Sources: Capital Group, MSCI, Datastream. Data as of December 31, 2021. Yield factors are constructed by ranking dividend yields within a region and then breaking them into terciles, rebalanced monthly. The return reflects the average return of the high-yielding cohort minus the average return of the low-yielding cohort. Returns are market cap weighted. The change in the 10-year Treasury is measured as the monthly basis points change in the 10-year Treasury yield. The correlation is calculated over 24 months and rolled forward on a monthly basis.

2. Dividends are making a comeback, but at a measured pace


We expect a steady increase in global dividends, but at a measured pace. Many companies are taking a more deliberate approach after their experience in the depths of the COVID-19 pandemic, when they were forced to substantially cut or eliminate their payouts. Now, amid a deceleration in global economic growth, some companies want to preserve cash in case of a greater-than-expected downturn.


Some industries, such as travel, continue to face a high level of uncertainty. Boeing, one of the world’s largest makers of airplanes, and cruise line operator Carnival are still struggling with depressed travel and have not resumed dividend payouts. Overall, however, dividends continue to recover. Of the 242 companies that either suspended or cut their dividend in 2020, 98 have reinstated payments and only three companies cut their dividend in 2021, according to Wolfe Research data as of February 15.


Companies with pricing power are likely to be better positioned to increase dividends. Household products giant Procter & Gamble, for example, has already raised prices across some of its product lines to help hedge itself against inflation. Consumer staples makers are often hurt when inflation begins to move higher and input costs go up. However, after a period of three to six months, these companies often seek to reprice contracts with retailers and grocers. This ultimately puts them in a better position to recoup those raw material costs, grow their earnings and potentially increase their dividend at a commensurate rate.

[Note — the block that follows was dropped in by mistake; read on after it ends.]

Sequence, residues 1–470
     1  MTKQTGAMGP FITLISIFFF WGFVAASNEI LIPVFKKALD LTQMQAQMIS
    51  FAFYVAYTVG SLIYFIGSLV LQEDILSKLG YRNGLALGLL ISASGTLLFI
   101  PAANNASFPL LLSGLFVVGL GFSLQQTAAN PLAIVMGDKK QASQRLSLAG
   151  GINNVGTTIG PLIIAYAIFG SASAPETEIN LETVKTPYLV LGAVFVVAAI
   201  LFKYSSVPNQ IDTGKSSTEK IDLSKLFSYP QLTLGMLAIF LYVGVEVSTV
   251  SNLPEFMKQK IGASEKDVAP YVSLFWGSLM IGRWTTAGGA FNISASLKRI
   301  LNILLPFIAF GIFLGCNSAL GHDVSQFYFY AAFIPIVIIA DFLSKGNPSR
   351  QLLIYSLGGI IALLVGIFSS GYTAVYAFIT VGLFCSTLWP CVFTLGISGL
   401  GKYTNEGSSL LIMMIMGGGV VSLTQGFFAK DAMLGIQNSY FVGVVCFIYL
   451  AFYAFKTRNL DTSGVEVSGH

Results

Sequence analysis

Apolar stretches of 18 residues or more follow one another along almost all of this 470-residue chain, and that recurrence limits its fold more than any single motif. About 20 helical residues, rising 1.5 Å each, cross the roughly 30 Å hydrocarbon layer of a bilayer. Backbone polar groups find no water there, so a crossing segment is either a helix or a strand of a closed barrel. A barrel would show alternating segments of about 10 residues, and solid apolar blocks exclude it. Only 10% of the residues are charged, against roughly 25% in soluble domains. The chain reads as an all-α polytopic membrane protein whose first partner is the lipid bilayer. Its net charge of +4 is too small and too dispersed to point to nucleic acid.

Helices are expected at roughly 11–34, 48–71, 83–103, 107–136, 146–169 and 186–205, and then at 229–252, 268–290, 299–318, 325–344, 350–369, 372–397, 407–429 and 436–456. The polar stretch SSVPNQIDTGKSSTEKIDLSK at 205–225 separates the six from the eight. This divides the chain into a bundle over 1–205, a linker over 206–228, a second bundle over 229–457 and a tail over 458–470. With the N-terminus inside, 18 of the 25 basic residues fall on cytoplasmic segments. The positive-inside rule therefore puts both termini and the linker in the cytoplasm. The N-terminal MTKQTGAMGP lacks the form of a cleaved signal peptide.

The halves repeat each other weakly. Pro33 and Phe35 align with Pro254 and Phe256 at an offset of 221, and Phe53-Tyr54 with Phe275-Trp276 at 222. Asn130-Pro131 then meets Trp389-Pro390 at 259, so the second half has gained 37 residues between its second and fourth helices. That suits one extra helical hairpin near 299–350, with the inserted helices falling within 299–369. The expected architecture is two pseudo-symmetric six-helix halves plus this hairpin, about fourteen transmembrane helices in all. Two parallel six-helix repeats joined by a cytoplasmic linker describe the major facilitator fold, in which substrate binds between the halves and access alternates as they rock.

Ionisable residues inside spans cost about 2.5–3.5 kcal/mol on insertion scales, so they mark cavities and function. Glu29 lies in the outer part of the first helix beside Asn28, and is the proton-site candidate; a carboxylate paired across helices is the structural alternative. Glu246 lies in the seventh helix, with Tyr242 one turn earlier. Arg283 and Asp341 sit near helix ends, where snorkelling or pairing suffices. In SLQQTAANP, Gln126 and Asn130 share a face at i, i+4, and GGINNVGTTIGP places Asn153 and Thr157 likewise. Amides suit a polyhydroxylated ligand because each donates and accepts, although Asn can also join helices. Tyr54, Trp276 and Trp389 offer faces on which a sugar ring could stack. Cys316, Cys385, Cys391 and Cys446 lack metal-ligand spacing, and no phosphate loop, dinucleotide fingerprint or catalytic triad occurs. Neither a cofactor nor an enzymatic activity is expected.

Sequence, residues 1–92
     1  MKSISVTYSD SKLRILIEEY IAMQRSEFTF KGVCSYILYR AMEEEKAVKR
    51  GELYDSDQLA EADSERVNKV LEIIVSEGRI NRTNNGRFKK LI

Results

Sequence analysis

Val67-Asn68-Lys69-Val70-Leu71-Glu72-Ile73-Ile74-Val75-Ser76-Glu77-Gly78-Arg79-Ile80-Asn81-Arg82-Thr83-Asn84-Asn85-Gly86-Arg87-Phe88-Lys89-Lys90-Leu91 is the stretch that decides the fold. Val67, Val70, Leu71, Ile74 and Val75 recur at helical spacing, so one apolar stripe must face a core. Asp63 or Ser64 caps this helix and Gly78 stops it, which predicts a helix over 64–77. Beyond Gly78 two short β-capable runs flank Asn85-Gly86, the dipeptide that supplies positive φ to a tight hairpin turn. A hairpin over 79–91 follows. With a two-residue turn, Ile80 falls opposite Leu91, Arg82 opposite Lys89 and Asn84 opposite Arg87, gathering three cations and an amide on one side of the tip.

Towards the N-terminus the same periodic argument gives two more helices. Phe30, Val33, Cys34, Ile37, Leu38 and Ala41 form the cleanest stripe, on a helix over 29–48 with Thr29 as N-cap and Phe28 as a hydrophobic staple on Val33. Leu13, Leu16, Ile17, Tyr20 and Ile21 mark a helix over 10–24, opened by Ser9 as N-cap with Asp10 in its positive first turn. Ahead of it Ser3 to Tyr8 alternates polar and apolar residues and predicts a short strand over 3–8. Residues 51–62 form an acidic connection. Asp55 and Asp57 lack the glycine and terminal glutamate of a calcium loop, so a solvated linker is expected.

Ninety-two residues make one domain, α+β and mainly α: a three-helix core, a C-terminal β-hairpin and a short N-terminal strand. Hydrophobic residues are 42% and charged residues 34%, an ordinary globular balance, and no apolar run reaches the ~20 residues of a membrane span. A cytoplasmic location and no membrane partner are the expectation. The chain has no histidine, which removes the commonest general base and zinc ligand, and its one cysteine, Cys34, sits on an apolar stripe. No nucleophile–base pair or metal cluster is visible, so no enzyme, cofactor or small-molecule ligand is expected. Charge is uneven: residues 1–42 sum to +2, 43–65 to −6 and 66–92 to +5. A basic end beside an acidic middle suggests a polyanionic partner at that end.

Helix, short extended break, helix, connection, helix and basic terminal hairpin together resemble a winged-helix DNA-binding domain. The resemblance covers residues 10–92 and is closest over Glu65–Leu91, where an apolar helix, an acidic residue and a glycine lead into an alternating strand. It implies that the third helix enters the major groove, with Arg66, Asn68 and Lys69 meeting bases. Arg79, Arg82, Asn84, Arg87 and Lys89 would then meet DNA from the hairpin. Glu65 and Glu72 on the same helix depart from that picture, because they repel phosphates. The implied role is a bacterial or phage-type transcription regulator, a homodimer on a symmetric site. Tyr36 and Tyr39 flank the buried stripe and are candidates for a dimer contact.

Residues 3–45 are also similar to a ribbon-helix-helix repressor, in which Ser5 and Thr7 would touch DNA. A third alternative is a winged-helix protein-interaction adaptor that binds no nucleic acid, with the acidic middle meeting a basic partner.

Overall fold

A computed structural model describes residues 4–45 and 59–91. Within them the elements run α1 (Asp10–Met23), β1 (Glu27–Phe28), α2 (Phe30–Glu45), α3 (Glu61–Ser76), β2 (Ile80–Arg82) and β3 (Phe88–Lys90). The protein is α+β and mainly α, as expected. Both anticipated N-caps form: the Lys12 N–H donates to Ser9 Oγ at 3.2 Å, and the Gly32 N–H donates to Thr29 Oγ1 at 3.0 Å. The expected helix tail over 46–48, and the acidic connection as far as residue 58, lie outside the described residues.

Dividend acceleration is also anticipated in Europe, where governments have eased pressures on dividend payments. During the pandemic, governments and regulators had pressed some companies to refrain from making payments as part of a social solidarity movement.


Global dividends are projected to rise

Chart shows aggregate dividends per share of MSCI ACWI. Dividends per share are projected to grow from approximately $12 per share in 2020 to nearly $19 per share by 2024.

Sources: Capital Group, FactSet, MSCI, RIMES. Data for 2022–2024 are estimates by FactSet as of February 2, 2022.

3. Highly cyclical firms take innovative approach with variable dividends


Some companies, especially those in cyclical industries, are adopting innovative approaches to balance their business needs and a commitment to dividend payouts. Take the mining sector, which in 2021 witnessed a boom in dividend payouts. Over the past few years, many large mining companies, such as Rio Tinto and Vale, have switched from progressive dividend policies to a payout ratio. In these arrangements, dividend payouts are determined by a formula tied to certain operating metrics. This shift results in a variable dividend yield over time. But it also gives these companies an enhanced ability to manage their balance sheet and cash flows in a sustainable manner through multiple commodities cycles.


In the past, miners often struggled to maintain a regular dividend during market downturns and would either cut the dividend or be forced to raise debt to cover the payout.